Governments occasionally take the view that a particular equilibrium price is politically, socially or economically unacceptable. In such circumstances, one course of action is the imposition of price controls. This involves the institutional setting of prices at either above or below the true market equilibrium. For example, if it was felt that the equilibrium price of a good was too high, then the government might try to impose a lower price on the market. This would now be the maximum acceptable price or price ceiling. Price may not rise above this ceiling. Alternatively, the equilibrium price could be seen as too low. In this case, a higher price, or price floor is imposed, below which price should not fall. Figure illustrates the market for a basic food stuff. Imagine that it is wartime and the disruption has shifted the supply curve to the left. This could be largely due to a movement of resources away from the production of this good and towards munitions.The free market price at P1 is seen to be unacceptably high relative to the pre-war price, and the decision is made to impose a price ceiling of P2. It is hoped that such a ceiling will alleviate the problems of consumers who could not afford the free market price.
The problem now is that at the price ceiling only Q3 units will be supplied, where as demand is for Q2. The volume of output Q3Q2 therefore represents an excess of demand over supply. Many customers are frustrated in their desire to purchase that good. To help bring order to the situation, a system of rationing might be introduced.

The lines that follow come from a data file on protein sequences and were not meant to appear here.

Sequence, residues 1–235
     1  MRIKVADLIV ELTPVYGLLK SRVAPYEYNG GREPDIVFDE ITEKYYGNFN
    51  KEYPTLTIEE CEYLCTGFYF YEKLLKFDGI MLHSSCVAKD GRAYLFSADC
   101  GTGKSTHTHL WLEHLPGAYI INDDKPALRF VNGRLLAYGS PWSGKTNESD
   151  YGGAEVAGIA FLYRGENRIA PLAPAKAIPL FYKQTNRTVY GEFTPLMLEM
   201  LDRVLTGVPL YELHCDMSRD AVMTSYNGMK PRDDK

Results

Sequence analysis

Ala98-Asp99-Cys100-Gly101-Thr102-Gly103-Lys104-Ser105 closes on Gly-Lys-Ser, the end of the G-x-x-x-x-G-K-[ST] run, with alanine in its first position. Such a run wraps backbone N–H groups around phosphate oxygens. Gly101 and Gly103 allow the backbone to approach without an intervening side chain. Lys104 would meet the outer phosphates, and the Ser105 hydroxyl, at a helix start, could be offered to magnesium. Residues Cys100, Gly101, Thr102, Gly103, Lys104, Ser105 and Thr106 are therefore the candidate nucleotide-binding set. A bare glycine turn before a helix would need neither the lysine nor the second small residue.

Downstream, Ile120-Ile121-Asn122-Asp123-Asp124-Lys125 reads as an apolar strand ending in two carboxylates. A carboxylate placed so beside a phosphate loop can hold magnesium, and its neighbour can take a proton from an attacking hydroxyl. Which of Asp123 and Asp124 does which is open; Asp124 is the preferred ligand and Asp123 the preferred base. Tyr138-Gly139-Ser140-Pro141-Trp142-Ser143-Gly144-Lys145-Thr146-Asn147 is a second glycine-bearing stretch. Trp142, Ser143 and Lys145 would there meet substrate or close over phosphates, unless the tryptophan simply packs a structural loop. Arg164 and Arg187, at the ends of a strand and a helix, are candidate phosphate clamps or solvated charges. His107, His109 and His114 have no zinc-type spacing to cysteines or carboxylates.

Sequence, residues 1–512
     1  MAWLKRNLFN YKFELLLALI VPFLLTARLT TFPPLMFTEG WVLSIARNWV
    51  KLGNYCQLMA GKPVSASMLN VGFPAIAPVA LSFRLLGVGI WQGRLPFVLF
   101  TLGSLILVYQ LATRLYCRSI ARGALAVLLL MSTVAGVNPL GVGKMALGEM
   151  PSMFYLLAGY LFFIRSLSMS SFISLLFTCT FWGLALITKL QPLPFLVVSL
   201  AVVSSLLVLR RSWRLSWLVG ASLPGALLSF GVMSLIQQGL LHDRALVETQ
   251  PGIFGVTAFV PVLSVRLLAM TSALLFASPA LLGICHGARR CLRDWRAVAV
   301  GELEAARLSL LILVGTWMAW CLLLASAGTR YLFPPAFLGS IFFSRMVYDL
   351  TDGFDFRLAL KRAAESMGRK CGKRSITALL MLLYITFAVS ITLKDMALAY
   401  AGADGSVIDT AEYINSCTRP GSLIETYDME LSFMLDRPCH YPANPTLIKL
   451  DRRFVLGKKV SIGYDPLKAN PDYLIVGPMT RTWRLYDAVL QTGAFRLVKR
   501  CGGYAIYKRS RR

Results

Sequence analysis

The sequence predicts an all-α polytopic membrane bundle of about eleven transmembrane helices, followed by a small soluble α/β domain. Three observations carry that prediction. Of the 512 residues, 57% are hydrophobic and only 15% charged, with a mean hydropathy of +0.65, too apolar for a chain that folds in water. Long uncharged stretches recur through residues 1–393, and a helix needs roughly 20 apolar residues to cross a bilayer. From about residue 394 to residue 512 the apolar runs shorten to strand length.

This could allocate the limited output between the many customers in a more orderly fashion than ‘first come, first served’. For example, one unit could be allocated per person and priority could be given to the old and the sick. This does not solve the problem of excess demand. It is commonly found in such situations that illegal trading starts to emerge at a price above the ceiling. To obtain the good many would be willing to pay a higher price. This is commonly referred to as black market trading. Figure illustrates the market for a specific type of labour. The downwards loping demand curve indicates that, at lower wages, employers will wish to take on additional workers. The supply curve shows how more people will offer themselves for work as wage rates increase. At the intersection of the curves, the market is in equilibrium. Imagine that this equilibrium wage is seen to be too low, and the authorities seek to impose a minimum wage of W2. Employers are not permitted to pay any less than this amount. It is hoped that the policy will improve the welfare of workers by raising their living standards to some acceptable level.At this minimum wage, employment becomes more attractive, and Q3 persons seek employment. On the other hand, employers only wish to take on Q2 workers.There is now a situation of excess supply. Only Q2 find work, the remainder Q2Q3are unsuccessful. The policy has actually reduced the level of employment from Q1to Q2. In such a situation, there will be a temptation to flout the legislation. For example, unscrupulous employers observing the ranks of unemployed would realize that many would willingly work at less than the minimum wage.
The above examples illustrate the problems that arise once price is imposed away from its equilibrium. Further examples of such price controls would include the guaranteed minimum prices to farmers within the Common Agricultural Policy (CAP) of the European Union (see case study at end of, and various post-war attempts to control the cost of rented accommodation at a price affordable to the low paid. The former has been associated with overproduction and the need to control the mountains of excess supply, while the latter tended to result in landlords taking their properties off the rental market in order to seek more profitable returns. The success of such policies requires careful control and monitoring. In many circumstances, it might be better to consider alternative ways of achieving the policy goals.
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